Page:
Fock's paper of 1935, *Zür Theorie des Wasserstoffatoms* (2), was something of a landmark in this respect, wherein it was shown that just such an explanation could be given for the degeneracies of the hydrogen atom. As a central force problem, the hydrogen atom possesses spherical symmetry. Nevertheless spherical symmetry is only adequate to account for degeneracy in the magnetic quantum number , while the energy of the hydrogenic levels depends only on the principal quantum number , and is independent of the value of the quantum number of the total angular momentum, which may range from 0 to . The result is that there is an -fold degeneracy for the principal quantum number rather than a -fold degeneracy for the angular momentum quantum number .

Such a quantum mechanical degeneracy was reminiscent of a well-known classical degeneracy in the corresponding problem of planetary motion, for it was recognized that the energy of the orbit in Keplerian motion depended only on the semimajor axis of the trajectory, which was always a planar conic section, and not upon its eccentricity. The planarity of the orbit was an established consequence of the conservation of angular momentum, and therefore due to the spherical symmetry of the inverse square Newtonian attraction. However, the orbits of the Kepler problem are almost unique among all the central force problems in that the bounded orbits are simple closed curves, for it seems that only the orbits of the harmonic oscillator share this property. In general such orbits are space filling, a result which was demonstrated by Bertrand almost a century ago. Thus even in classical mechanics the inverse-square force law manifests some exceptional characteristics.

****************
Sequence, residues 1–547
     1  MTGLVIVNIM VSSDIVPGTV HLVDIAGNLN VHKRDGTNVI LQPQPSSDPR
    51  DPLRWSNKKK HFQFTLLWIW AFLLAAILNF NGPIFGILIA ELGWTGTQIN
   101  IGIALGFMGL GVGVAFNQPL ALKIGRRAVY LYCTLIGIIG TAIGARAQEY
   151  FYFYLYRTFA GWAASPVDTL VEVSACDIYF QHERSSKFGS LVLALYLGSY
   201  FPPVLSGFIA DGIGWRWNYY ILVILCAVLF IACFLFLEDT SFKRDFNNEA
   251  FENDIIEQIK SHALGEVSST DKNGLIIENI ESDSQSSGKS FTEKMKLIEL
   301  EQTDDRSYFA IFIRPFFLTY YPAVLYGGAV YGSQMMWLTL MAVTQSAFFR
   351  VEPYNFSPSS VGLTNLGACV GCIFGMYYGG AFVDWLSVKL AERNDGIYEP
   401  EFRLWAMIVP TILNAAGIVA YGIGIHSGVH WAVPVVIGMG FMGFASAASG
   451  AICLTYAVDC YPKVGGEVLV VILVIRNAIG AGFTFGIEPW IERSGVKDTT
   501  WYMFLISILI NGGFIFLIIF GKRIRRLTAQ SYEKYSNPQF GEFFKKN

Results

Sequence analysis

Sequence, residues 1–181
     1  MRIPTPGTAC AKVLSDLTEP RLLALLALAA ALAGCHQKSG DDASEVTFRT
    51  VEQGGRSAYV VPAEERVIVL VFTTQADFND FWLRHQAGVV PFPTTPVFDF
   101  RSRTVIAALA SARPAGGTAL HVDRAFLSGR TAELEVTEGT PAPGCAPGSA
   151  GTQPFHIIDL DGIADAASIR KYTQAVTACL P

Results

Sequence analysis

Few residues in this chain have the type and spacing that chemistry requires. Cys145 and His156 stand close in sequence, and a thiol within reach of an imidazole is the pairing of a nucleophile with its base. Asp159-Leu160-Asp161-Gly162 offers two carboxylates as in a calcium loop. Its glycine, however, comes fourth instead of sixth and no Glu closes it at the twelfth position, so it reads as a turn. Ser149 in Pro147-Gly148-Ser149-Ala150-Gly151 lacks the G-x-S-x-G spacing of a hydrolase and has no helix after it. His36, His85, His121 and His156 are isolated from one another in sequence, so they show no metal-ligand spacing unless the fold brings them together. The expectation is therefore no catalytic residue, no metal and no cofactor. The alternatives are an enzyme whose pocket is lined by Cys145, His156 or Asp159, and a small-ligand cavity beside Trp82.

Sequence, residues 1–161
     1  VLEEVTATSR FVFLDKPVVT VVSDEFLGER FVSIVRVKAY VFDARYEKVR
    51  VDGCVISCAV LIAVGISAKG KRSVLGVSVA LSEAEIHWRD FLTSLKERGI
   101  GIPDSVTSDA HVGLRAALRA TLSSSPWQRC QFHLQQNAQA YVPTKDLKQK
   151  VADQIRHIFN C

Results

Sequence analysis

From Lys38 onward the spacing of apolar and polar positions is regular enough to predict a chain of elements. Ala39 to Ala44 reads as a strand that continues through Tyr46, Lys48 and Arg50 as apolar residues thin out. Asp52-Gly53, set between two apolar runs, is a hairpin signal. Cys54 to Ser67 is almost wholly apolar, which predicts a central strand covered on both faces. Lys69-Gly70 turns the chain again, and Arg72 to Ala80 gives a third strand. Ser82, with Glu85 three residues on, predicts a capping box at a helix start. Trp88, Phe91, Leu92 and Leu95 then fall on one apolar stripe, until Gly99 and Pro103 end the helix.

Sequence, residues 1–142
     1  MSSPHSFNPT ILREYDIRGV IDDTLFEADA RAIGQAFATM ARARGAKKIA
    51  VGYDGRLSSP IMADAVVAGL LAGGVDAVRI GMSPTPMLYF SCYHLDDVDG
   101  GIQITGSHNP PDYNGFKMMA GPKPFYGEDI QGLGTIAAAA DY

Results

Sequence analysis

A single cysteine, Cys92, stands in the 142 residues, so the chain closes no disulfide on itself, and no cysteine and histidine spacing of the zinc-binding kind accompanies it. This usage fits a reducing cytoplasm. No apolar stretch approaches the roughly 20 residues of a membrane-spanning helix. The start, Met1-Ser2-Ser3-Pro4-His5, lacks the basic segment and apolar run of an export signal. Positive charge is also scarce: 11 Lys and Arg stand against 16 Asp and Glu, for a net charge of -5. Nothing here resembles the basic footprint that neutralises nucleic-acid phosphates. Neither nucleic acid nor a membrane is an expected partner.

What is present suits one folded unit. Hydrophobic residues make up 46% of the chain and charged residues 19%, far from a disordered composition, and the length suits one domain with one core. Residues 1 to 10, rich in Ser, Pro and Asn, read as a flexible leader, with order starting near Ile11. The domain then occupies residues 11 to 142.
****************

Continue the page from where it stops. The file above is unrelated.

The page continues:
The Hamiltonian for the hydrogen atom is

where

Fock's demonstration depended upon writing its Schrödinger equation in a momentum representation, as an integral rather than a differential equation

In this form, the kernel can be recognized as the Jacobian determinant for a stereographic projection from the surface of a four-dimensional sphere to three dimensions, which in turn suggests writing the Schrödinger equation in terms of angular variables on the hyperspherical surface, all of which finally results in an integral equation which may be recognized as the Poisson kernel for a hyperspherical surface harmonic in the degererate case in which the field point has fallen onto the surface.